SendMotorStepCommand( MOTOR_BIT_Z | MOTOR_BIT_Y | MOTOR_BIT_E2));

while (true)

Just a remark, use the code at tour own risk! Also realize that apparently the C libraries are not completely ported to the Arduino Due. I had a situation where the compiled code appears to be buggy. It is probably because I am spoiled at C++ on a windows PC and not realize that the C++ on a Arduino may not have a good memory manager implemented. Code that works on a PC may not function on the Arduino.

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Sepio wrote 08/16/2017 at 18:08 point

Thanks, I already saw your code. But I have to wait for the slip ring to arrive. If I use your code now I’m sure that I will mess up my wires.

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Olaf Baeyens wrote 08/16/2017 at 20:40 point

It is indeed dangerous to use.  I test the software first with stand-alone motors. I also tested my motors in a partially assembled parts. I unplug and plug in the motors I want to test.  You can unplug the base motors  in this case.

Originally I tested with the debug led only. Later I discovered the logic analyzers that you can buy for $10. The biggest part of my development I used was without motors but using this logic analyzer to see if the code does what it is supposed to do.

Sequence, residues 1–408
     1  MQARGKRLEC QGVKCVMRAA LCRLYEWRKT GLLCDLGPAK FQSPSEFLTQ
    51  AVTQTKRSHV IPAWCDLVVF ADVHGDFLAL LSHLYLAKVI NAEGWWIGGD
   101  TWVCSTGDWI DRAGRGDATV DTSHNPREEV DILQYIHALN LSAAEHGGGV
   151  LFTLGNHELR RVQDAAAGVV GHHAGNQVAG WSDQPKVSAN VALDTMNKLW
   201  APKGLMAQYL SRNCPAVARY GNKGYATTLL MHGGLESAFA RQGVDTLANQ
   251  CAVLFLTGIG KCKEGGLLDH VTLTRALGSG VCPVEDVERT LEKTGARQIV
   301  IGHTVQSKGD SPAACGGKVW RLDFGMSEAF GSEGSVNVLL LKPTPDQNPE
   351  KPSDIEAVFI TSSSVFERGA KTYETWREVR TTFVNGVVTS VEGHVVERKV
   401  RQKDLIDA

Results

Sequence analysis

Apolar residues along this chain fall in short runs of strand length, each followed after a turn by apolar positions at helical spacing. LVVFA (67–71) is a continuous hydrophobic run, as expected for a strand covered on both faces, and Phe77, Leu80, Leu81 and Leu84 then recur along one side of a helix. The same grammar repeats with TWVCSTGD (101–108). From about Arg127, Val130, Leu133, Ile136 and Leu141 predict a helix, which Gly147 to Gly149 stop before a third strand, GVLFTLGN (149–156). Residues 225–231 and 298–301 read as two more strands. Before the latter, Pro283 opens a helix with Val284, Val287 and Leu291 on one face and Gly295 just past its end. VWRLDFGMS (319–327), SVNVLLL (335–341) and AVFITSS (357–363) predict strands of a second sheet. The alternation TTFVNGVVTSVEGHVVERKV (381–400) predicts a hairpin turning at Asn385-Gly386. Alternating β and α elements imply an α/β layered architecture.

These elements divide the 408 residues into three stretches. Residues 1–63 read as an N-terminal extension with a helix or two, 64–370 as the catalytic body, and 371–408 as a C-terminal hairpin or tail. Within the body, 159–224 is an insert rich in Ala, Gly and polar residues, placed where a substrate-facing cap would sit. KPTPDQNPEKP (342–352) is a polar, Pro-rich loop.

For your information, the pins under the Polu drivers are the ground, the direction, the enable and the step pulse (I don't remember the order).

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Olaf Baeyens wrote 08/16/2017 at 17:14 point

Good choice to make it a black base. If I recall there was an issue where photo detectors did not work correctly because the plastic was too translucence.

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dannyvandenheuvel wrote 08/16/2017 at 17:00 point

Fine! enjoy your last week, if we ever meet we drink something on it :-)

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dannyvandenheuvel wrote 08/16/2017 at 15:31 point

Fantastic work! very good log, that's what I missed, I don't have to disassemble mine anymore, they can all follow your build! I will post forward to your place if they want to build one to. Top! Soon all electronics/software will be released so you can go as far as I am with the project! Automatic moving the robot arm is not ready for the moment because I'm still writing on my Robo GUI software. But you can do all movements with joystick without problems. I'll allready connected to the GUI controller and can see all feedback sensors and simulate the movements. It's just the recoder that I have to develop, It's gonna be a graphical designer like the famous blockly, scratch software from google. I need more time ;-( At the same time I'm building a robot arm with smart servos.

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Sepio wrote 08/16/2017 at 16:22 point

Thanks. I really like this project. Time flies...

This is the last week of my holiday. Next week I will have to go to work and then I will also need more time. Also the large prints will then have to wait for the weekend. Now the printer is on 24/7.

I can’t wait to look at your source code. In the beginning I want to use it as is and learn how you control al those motors and sensors. In the future I might (try) to do the coding myself.